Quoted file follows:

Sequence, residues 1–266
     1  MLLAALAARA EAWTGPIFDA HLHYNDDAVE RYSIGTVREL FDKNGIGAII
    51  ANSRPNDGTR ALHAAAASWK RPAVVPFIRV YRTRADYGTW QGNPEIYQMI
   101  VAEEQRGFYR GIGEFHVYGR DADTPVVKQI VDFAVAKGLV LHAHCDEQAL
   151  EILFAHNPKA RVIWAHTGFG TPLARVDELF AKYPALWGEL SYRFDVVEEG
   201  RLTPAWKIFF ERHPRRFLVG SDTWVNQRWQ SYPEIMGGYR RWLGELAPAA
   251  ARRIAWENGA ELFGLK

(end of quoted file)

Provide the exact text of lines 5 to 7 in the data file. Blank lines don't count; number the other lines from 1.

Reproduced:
   151  EILFAHNPKA RVIWAHTGFG TPLARVDELF AKYPALWGEL SYRFDVVEEG
   201  RLTPAWKIFF ERHPRRFLVG SDTWVNQRWQ SYPEIMGGYR RWLGELAPAA
   251  ARRIAWENGA ELFGLK